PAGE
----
Miami real estate broker George Pino pleaded not guilty this week to three counts of misdemeanor careless boating in connection to a deadly vessel crash last year in south Biscayne Bay.
The tragedy killed 17-year-old Luciana Fernandez and permanently disabled another teen, Katerina Puig.
Both girls’ families criticized the outcome of the year-long investigation into the crash and the conclusion of a state agency that alcohol played no role even though more than 60 empty booze containers were found on Pino’s vessel the day after the tragedy.
Pino, through his attorney Howard Srebnick, pleaded not guilty Monday in Miami-Dade County Circuit Court. Srebnick did not respond to a request for comment on his client’s plea.
Ivan Cabrera, an attorney for Katerina Puig’s parents, said the not-guilty plea “delays the criminal proceedings” and “continues to add insult to injury for the Puig family.”
“The frustration which the Puig family are experiencing is only heightened by the fact that George Pino refuses to accept any responsibility for the death of Lucy Fernandez and the debilitating injuries sustained by Katerina, which have ravaged her life permanently,” Cabrera said in a text to the Miami Herald. “Worst of all, entering a plea of not guilty after receiving the unjustified privilege of facing charges which amount to a ‘slap on the wrist,’ where any other citizen would have been charged with DUI manslaughter carrying a mandatory prison sentence, is patently offensive.”
Pino is scheduled to make his first appearance in front of a judge to answer the charges on Tuesday, Sept. 19, at 11:45 a.m.
Luciana Fernandez’s parents, Andres and Melissa Fernandez, declined to comment about Pino’s plea.
The Puigs filed a lawsuit in March contending that Pino and his wife, Cecila, supplied the teens on their boat with alcohol the day of the crash, Sept. 4, 2022, Labor Day weekend last year. The Pinos, in court filings, have denied that accusation.
The Miami Herald reported in August that an investigator’s body camera footage seemingly contradicts what police say was the reason Pino, 52, declined to voluntarily submit a blood sample to test for alcohol.
The Florida Fish and Wildlife Conservation Commission investigator wrote that Pino refused to let his blood be drawn the night of the crash because his attorney wasn’t present. But in the interaction between the officer and Pino caught on the officer’s body camera, Pino had admitted to drinking.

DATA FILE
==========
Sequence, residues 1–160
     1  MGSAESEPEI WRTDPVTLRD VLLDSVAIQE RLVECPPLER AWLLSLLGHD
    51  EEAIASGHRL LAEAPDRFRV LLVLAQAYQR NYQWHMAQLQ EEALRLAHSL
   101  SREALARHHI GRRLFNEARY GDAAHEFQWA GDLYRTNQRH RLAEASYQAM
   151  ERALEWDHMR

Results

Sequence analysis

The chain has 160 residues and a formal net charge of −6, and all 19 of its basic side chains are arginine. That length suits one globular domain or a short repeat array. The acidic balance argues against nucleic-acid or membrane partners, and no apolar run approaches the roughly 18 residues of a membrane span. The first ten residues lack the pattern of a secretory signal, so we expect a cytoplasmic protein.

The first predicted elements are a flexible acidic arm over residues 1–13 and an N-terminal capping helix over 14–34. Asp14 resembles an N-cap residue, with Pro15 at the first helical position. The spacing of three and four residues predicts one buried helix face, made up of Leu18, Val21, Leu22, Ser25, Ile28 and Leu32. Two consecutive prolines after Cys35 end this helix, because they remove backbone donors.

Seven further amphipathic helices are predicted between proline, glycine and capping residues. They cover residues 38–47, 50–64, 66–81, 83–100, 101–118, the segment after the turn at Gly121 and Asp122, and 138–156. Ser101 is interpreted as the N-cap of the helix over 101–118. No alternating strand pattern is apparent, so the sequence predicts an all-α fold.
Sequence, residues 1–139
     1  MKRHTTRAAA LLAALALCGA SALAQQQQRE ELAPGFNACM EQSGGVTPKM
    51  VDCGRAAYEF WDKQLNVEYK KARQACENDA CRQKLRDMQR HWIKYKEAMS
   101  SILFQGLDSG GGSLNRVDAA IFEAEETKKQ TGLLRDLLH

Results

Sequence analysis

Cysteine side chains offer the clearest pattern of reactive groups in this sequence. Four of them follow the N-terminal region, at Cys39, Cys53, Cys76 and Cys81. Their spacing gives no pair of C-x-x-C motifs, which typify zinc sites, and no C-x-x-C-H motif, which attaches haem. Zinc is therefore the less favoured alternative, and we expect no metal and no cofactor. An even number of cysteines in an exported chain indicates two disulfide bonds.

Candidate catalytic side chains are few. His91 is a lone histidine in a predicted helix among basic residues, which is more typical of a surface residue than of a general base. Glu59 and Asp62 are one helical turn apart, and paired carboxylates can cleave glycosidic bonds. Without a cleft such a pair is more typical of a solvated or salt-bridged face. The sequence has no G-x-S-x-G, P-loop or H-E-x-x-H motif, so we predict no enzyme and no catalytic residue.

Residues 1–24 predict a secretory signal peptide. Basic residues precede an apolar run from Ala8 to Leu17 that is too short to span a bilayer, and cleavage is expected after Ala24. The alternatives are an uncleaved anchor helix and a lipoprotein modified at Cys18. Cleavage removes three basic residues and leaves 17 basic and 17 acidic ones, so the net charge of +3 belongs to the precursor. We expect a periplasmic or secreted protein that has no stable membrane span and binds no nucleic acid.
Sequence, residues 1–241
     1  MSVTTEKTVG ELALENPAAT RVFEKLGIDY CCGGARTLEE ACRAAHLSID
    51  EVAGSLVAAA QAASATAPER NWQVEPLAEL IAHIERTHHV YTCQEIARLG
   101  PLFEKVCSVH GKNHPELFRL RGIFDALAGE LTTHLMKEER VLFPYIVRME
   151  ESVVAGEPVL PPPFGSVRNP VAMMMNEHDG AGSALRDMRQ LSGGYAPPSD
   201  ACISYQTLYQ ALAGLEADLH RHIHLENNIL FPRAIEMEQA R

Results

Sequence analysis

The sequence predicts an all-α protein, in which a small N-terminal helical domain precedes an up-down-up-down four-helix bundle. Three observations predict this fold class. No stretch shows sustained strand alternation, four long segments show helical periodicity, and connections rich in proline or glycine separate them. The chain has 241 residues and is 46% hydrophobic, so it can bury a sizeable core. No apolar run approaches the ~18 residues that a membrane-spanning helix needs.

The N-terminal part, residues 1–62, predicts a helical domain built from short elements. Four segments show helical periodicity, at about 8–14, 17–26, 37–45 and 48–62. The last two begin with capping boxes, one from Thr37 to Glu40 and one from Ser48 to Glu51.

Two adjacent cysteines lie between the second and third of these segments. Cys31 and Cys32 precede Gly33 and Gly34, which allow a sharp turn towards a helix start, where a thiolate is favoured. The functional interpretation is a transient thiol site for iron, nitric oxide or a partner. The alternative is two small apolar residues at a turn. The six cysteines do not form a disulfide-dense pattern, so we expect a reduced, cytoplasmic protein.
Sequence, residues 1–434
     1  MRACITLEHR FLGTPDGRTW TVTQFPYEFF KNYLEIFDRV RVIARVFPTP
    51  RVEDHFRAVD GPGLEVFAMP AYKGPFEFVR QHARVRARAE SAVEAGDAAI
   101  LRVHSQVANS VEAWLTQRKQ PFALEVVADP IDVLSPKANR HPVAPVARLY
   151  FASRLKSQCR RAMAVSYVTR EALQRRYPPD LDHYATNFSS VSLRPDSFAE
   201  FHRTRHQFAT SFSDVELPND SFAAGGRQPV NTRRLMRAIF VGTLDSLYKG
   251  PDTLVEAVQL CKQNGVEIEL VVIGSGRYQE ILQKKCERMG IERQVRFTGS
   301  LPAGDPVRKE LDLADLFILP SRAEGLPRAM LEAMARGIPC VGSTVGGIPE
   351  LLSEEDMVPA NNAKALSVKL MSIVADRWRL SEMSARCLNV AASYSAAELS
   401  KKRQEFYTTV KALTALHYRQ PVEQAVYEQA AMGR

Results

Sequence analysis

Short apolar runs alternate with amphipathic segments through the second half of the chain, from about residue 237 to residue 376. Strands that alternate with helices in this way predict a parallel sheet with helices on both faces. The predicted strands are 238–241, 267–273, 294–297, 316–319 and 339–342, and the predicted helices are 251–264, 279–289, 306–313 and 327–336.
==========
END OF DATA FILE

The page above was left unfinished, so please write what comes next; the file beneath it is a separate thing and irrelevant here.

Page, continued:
His immediate response to being asked to submit blood: “No. I had two beers.”
The Fish and Wildlife agency, however, has maintained that because Pino did not show obvious signs of impairment in the immediate hours after the crash, officers had no right to compel him to submit blood or take a breath test for drinking.
Miami-Dade State Attorney’s Office prosecutors used the police report to charge him with the misdemeanors — as recommended by Fish and Wildlife — instead of seeking stronger charges.
Following the end of state agency’s investigation and the announcement of charges, the Puig and Fernandez families issued statements condemning the investigation, the resulting misdemeanors and Pino’s statement to investigators that another boat caused him to lose control of his vessel and slam into the fixed channel marker in Cutter Bank.
In the Fish and Wildlife commission’s report, investigators say they found no witnesses or data from the boat’s GPS to corroborate Pino’s story.
Pino was driving his boat back to his part-time home in the gated Key Largo community of Ocean Reef Club when the boat crashed. He and his wife were celebrating their daughter’s 18th birthday and partying with friends on Elliott Key in Biscayne Bay.
On the 29-foot, twin-engine Robalo center console were George and Cecilia Pino, their daughter and 11 of her friends, including Luciana Fernandez and Katerina Puig. Everyone was thrown into the water when the boat struck the channel marker.
Nearby boaters pulled people from the water. Fire-rescue and police crews took the injured to the hospital.
Luciana Fernandez was taken to Kendall Regional Medical Center, where she died the next day. Paramedics took Katerina Puig to Nicklaus Children’s Hospital near South Miami. Her family’s attorneys said she will require a lifetime of intense medical care.
All of the girls either attended either Our Lady of Lourdes Academy in Southwest Miami-Dade, Carrollton School of the Sacred Heart in Coconut Grove or Westminster Christian School in Palmetto Bay.